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Led Zeppelin - Led Zeppelin III CD (album) cover

LED ZEPPELIN III

Led Zeppelin

 

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3.93 | 873 ratings

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Gatot
Special Collaborator
Honorary Collaborator
4 stars

Even in acoustic setting, Zepp still rocks!

As the band had been very successful with their previous two albums, Page and Plant took an initiative to bring the band members altogether to compose the new album with different kind of environment. They made a trip to a remote cottage Bron-Yr-Aur where they could write, compose and play material for their upcoming album with natural surroundings. They could even play all day long, all night long with quiet environment using candle-light and limited electric power supply. That might be the reason why the material that would emerge as Led Zeppelin III album contains more acoustic version and remarked the change of the band's music direction. If on the previous albums Page virtually controlled everything in composing the album material, with this third album they took more democratic approach. The result is an excellent rock album with a balanced mixture of heavy electric stuffs and acoustic exploration. Even with an acoustic set, Led Zeppelin still rocks!

The album was released on October 5, 1970 (delayed by two months from the original schedule) with advanced orders of nearly a million! It spent four weeks at the top of Billboard chart. It entered British chart at number one and remained there for three weeks. It returned to the top for a further week on December 12. The LP cover was a gatefold jacket containing a rotating wheel behind the front panel. That panel was perforated, thus allowing for the partial viewing of the wheel.

The album starts with a ground-breaking tune that sets heavy rock music apart "Immigrant Song" which has a very unique fast tempo beats. It's a very short track (2:25) but it proves successful to create the whole atmosphere of a great album. Oh yeah, I like the syncopated beats remarked by jaw dropping drum work of Bonzo combined with Paul Jones tight bass line. The recording quality is quite dry and crispy - with very minimum bass sound mixing - that makes this song so powerful. The first acoustic exploration of the band comes out at second track "Friends" (3:54) where the band also introduced the eastern nuance. If you observe in details you might find the symphonic nuance this track produces and it has influenced today's prog music scene. Observe it! "Celebration Day" (3:29) demonstrates Page heavy rock riffing combined with a forceful vocal work by Plant. This track nearly didn't appear at all in the album. This was due to studio oversight, the intro was crinkled on the mater tape, making it impossible to thread, but by segueing the swirling link from "Friends" into the guitar riff and Plant's opening lyrics, the song was salvaged.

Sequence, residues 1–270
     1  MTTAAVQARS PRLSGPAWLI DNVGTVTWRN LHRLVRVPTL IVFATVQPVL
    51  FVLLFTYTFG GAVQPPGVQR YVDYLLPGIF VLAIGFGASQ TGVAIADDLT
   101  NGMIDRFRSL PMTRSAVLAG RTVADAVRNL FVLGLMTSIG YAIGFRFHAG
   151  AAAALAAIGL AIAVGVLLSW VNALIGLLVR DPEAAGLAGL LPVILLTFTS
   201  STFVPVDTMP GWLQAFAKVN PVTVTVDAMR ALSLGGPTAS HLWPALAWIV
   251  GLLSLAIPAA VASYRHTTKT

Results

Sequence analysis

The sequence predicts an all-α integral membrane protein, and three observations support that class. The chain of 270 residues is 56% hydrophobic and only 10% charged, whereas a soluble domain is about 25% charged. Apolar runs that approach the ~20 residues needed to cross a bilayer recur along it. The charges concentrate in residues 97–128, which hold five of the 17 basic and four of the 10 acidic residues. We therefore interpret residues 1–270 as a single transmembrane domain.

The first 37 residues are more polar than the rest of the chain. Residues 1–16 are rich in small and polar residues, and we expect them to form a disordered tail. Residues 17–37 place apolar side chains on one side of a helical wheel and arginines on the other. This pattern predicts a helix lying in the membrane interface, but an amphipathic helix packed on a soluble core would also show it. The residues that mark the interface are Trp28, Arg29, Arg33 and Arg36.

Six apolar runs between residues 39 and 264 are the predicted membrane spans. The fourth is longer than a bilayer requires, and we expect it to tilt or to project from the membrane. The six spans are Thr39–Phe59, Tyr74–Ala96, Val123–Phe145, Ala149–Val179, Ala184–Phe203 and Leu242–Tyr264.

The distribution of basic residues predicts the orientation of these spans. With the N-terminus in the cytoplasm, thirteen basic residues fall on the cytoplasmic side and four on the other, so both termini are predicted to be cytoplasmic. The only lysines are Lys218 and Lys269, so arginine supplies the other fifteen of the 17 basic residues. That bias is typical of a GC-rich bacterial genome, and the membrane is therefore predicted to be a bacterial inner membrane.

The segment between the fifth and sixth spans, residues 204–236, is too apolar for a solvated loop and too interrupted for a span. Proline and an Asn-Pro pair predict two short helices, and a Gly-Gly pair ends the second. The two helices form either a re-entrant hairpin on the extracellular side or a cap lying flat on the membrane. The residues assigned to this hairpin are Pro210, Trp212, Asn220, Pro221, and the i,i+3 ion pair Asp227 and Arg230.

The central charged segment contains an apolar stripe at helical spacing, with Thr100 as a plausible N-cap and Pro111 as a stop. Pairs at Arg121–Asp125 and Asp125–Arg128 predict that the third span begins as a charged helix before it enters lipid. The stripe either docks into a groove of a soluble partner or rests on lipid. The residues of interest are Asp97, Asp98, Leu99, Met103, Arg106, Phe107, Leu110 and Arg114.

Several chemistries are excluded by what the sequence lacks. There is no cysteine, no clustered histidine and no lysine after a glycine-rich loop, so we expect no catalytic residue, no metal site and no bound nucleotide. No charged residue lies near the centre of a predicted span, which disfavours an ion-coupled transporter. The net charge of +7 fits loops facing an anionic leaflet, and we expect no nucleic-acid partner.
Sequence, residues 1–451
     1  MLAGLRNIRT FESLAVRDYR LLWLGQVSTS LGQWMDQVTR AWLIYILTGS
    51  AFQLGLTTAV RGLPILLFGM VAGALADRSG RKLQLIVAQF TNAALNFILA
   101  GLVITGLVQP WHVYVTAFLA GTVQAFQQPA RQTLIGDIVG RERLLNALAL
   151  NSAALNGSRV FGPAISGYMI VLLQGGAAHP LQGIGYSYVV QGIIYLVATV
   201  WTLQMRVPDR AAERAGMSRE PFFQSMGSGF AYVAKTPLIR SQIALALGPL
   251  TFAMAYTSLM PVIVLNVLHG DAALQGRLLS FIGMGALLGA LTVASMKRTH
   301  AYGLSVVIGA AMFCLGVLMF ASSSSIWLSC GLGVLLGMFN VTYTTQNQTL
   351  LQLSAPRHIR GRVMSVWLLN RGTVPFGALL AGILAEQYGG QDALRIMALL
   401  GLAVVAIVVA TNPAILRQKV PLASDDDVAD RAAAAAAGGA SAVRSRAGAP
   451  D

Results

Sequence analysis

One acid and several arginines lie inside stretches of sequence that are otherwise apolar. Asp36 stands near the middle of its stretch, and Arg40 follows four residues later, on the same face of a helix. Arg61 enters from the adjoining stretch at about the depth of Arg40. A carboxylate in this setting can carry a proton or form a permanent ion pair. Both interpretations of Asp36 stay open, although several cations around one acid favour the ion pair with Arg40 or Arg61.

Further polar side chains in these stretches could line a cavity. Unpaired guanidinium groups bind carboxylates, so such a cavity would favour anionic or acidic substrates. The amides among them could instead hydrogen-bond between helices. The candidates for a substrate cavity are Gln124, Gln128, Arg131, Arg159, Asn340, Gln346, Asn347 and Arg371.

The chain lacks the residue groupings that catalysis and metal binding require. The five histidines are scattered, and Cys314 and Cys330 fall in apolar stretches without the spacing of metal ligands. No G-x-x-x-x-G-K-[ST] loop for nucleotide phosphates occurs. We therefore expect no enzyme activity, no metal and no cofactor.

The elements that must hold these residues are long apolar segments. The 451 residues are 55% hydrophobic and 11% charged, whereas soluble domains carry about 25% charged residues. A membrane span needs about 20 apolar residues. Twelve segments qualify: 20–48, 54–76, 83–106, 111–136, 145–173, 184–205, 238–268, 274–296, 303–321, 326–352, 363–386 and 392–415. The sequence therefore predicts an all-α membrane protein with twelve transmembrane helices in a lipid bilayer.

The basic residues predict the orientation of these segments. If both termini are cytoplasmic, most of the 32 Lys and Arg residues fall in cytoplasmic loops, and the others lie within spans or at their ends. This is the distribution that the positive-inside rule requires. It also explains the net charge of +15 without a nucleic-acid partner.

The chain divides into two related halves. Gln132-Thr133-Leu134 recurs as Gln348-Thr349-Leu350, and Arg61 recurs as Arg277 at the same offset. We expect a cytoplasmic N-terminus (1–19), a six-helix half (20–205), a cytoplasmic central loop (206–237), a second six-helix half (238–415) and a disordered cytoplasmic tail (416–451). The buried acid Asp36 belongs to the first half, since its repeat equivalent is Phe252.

Wanna listen to one of the best blues tunes ever? It's not coming from the blues master like John Lee Hooker, Taj Mahal, Buddy Guy or BB King! It's down here with "Since I've Been Loving You" (7:23). Well, you know it very well that this song has proven itself as a great blues-rock style with pondering vocal work by Plant. "Out on the Tiles" (4:07) brings back Page unique guitar riff strengthened with dynamic and loud drum work by John Henry Bonham. I can sense the groove of this track especially when I concentrate on the beats that Bonzo provides. "Gallows Pole" (4:56) is an acoustic outfit using acoustic guitar moving from slow paced tempo and in a crescendo into faster tempo combined with mandolin. The remaining tracks "Tangerine" (3:10), "That's the Way" (5:37), "Bron-Y-Aur Stomp" (4:16) and "Hats Off to (Roy) Harper" (3:42) represent great exploration on acoustic set by the band.

Overall, it's an excellent heavy rock music presented in a balanced acoustic as well as electric setting.

"Nothing is useless. Even a spoilt clock shows the right time twice everyday!"

Gatot | 4/5 |

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